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      published contributions
  • Luciana Parisi
    • Luciana Parisi is Reader in Cultural Theory, Chair of the PhD program in Cultural Studies, and Co-director of the Digital Culture Unit at Goldsmiths, University of London. Her research focuses on cybernetics, information theory and computation, complexity and evolutionary theories, and the technocapitalist investment in artificial intelligence, biotechnology, and nanotechnology. Her books include Abstract Sex: Philosophy, Biotechnology and the Mutations of Desire (2004) and Contagious Architecture: Computation, Aesthetics, and Space (2013). She is currently researching the history of automation and the philosophical consequences of logical thinking in machines.
    • 1
      published contributions
  • Lisa Parks
  • Matteo Pasquinelli
  • Sophia Roosth
    • t when researchers are building new biological systems in order to investigate how biology works. She holds a PhD from the Massachuse
    • 1
      published contributions
  • Arno Rosemarin
  • Kim Rygiel
    • f International Affairs in Waterloo, Canada. Her research focuses on border security, migration, and citizenship in North America and Europe. She investigates how citizens and non-citizens engage in citizenship practices and challenge notions
    • 1
      published contributions
  • Dorion Sagan
  • Isabelle Saint-Saëns
  • Birgit Schneider
  • Jens Soentgen
  • Lizzie Stark
    • Lizzie Stark is an author, journalist, and experience designer. She is the author of two books, Pandora’s DNA (2014), exploring so-called ‘breast cancer genes’ and her first book, Leaving Mundania (2012), which investigates the subculture of live action role play, or larp. Her journalism and essays have appeared in The Washington Post, the Daily Beast, The Today Show Website, io9, Fusion, the Philadelphia Inquirer and elsewhere. She holds an MS from the Columbia University Graduate School of Journalism. She has organized numerous conventions and experiences across the US. Her most recent work is as a programming coordinator for Living Games Austin, and as co-editor and contributor for the #Feminism anthology, which collects 34 nano-games written by feminists from eleven countries.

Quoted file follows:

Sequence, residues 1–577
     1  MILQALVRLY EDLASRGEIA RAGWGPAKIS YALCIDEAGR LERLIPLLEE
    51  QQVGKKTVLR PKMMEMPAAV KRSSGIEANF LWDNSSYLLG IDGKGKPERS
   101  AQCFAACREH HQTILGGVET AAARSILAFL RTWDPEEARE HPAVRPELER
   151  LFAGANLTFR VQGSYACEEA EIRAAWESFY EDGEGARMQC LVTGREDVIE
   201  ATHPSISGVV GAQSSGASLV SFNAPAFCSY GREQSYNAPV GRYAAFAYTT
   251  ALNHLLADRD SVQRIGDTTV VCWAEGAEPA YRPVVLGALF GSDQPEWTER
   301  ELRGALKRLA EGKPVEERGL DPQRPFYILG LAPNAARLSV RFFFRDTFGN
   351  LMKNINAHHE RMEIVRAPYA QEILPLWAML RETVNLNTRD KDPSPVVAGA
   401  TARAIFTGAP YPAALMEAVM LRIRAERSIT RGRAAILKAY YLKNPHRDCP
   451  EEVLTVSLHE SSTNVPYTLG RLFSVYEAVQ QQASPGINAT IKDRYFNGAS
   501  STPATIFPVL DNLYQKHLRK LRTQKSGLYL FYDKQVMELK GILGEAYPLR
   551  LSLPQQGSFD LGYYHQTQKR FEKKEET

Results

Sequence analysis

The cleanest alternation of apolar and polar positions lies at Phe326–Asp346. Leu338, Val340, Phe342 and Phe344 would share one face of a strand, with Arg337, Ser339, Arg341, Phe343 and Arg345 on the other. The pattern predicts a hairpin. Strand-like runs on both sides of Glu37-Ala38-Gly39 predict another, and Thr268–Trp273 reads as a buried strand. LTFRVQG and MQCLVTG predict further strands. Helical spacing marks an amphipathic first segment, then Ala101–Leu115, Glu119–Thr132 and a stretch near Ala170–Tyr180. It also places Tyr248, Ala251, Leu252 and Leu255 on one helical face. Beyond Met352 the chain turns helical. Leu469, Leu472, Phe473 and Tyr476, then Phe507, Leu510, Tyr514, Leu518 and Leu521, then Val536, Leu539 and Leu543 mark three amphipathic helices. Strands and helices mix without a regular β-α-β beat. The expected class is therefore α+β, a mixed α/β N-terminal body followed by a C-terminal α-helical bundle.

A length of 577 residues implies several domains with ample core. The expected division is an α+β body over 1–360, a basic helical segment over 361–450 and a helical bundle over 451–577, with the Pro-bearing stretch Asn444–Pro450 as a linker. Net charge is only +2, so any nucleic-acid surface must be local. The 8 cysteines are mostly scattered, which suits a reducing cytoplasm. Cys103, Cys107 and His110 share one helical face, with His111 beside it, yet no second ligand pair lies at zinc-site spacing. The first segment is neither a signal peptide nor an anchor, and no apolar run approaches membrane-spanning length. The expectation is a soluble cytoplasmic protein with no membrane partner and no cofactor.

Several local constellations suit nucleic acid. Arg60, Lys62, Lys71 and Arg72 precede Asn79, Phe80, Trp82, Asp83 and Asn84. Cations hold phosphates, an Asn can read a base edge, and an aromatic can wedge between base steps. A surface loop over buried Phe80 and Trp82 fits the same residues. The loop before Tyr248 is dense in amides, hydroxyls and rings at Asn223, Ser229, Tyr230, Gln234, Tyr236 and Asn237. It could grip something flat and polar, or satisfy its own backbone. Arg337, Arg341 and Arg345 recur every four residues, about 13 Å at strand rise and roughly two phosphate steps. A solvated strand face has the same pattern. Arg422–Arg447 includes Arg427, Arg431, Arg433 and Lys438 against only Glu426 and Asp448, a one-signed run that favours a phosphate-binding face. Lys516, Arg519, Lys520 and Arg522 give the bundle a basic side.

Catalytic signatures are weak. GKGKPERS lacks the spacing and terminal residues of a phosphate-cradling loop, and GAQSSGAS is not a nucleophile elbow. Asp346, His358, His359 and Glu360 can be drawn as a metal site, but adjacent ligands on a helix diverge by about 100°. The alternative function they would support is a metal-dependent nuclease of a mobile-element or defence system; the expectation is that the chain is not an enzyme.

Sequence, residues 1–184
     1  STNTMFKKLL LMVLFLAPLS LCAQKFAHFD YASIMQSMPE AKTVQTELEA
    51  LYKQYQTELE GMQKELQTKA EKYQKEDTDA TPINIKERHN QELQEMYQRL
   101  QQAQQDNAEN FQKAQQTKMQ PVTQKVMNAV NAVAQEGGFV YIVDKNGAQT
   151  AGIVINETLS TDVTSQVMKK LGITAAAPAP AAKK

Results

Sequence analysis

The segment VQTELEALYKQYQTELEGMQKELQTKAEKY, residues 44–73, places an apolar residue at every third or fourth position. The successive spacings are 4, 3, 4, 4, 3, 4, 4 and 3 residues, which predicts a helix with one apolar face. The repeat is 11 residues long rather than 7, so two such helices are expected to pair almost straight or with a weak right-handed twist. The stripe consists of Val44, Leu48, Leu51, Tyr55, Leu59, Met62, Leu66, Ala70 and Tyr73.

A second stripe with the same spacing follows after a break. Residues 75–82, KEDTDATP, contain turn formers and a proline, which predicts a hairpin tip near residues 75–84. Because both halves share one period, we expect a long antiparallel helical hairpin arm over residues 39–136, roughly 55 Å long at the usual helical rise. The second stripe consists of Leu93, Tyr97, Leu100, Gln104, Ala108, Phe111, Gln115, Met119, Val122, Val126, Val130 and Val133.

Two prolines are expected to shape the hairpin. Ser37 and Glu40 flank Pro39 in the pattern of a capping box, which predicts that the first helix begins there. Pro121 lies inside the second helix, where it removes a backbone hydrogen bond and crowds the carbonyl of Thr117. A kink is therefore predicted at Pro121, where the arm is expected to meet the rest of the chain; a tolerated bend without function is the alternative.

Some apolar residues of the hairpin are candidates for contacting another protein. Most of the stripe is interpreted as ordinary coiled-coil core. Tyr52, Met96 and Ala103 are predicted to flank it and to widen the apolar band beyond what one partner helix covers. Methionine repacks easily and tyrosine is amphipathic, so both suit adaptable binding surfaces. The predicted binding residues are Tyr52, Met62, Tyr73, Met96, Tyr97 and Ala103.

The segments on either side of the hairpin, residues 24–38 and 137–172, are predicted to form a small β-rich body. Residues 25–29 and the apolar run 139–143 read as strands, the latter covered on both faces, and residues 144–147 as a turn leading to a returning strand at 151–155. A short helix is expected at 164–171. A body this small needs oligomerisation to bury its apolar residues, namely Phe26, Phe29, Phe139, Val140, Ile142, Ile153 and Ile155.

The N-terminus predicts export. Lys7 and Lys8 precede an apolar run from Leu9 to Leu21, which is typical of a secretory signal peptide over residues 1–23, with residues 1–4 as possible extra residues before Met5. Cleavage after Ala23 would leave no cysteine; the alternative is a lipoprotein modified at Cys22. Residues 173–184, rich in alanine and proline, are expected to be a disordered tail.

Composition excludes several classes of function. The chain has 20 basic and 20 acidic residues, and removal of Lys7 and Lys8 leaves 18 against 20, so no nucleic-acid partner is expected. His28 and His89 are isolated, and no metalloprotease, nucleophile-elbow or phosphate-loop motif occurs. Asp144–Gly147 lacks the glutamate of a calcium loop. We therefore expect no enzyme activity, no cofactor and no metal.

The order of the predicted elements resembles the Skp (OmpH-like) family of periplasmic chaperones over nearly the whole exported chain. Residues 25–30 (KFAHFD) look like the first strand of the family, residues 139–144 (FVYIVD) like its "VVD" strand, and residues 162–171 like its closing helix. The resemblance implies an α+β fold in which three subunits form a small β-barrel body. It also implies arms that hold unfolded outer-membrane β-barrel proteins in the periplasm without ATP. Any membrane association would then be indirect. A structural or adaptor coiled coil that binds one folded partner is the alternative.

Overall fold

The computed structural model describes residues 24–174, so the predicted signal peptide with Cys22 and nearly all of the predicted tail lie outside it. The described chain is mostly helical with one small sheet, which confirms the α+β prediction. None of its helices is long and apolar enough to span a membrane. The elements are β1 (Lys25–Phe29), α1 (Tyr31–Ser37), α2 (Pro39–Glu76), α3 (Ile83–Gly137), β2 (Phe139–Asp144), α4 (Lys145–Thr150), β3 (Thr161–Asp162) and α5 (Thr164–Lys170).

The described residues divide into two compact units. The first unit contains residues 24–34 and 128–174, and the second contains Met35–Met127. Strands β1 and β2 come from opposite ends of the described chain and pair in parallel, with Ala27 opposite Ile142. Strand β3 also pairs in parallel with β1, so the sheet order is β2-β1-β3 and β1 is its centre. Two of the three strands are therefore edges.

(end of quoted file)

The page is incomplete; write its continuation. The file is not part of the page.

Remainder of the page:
• 1
      published contributions
  • Lucy Suchman
    • ology of Science and Technology in the Department of Sociology at the University of Lancaster, UK. Her research interests within the field of feminist science and technology studies are focused on technological imaginaries and material practices
    • 1
      published contributions
  • Jenna Sutela
    • Jenna Sutela’s installations, texts, and sound performances seek to identify and react to precarious social and material moments, often in relation to technology. Most recently, she has been exploring exceedingly complex biological and computational systems, ultimately unknowable and always becoming something new. Her work has been presented, among other places, at the Institute of Contemporary Arts, London; Haus der Kulturen der Welt, Berlin; and the Museum of Contemporary Art Tokyo and her writing has been published by Fiktion, Harvard Design Magazine, and Sternberg Press.
    • 1
      published contributions
  • Bronislaw Szerszynski
    • Bronislaw Szerszynski is a Reader in Sociology at Lancaster University in the UK. Szerszynski’s work has developed across several themes, including the role of Western religious history in shaping contemporary understandings of technology and the environment—typified by his book Nature, Technology and the Sacred (Wiley-Blackwell, 2005).
    • 1
      published contributions
  • Elisa T. Bertuzzo
    • Elisa T. Bertuzzo studied comparative literature, sociology, communication, and media studies and holds a PhD in urban studies. She was a curator and project leader with Habitat Forum Berlin, including for the project Paradigmising Karail Basti (2010–16). Bridging discourses from the fields of cultural and urban studies, her research focuses on the everyday life facets of urbanization and settlement in South Asia. On that topic, she published Fragmented Dhaka: Analysing Everyday Life with Henri Lefebvre’s Theory of Production of Space (2009) and runs her multimedia project Archives of Movement (since 2012), which deals with the everyday life of temporary labor migrants in Bangladesh and India.
    • 1
      published contributions
  • Gregory T. Cushman
    • Gregory T. Cushman is Associate Professor of International Environmental History at the University of Kansas.
    • 1
      published contributions
  • Nasrin Tabatabai
    • Nasrin Tabatabai is an artist who works both in Iran and the Netherlands. Since 2004, she has collaborated with Babak Afrassiabi on various joint projects and the publication of the bilingual magazine Pages (Farsi and English). Their work seeks to articulate the undecidable space between art and its historical conditions, including the recurring question of the place of the archive in defining the juncture between politics, history, and the practice of art. The artists’ work has been presented internationally in various solo and group exhibitions and they have been tutors at the Jan Van Eyck Academie, Maastricht (2008–13), and Erg, école supérieure des arts, Brussels (2015–).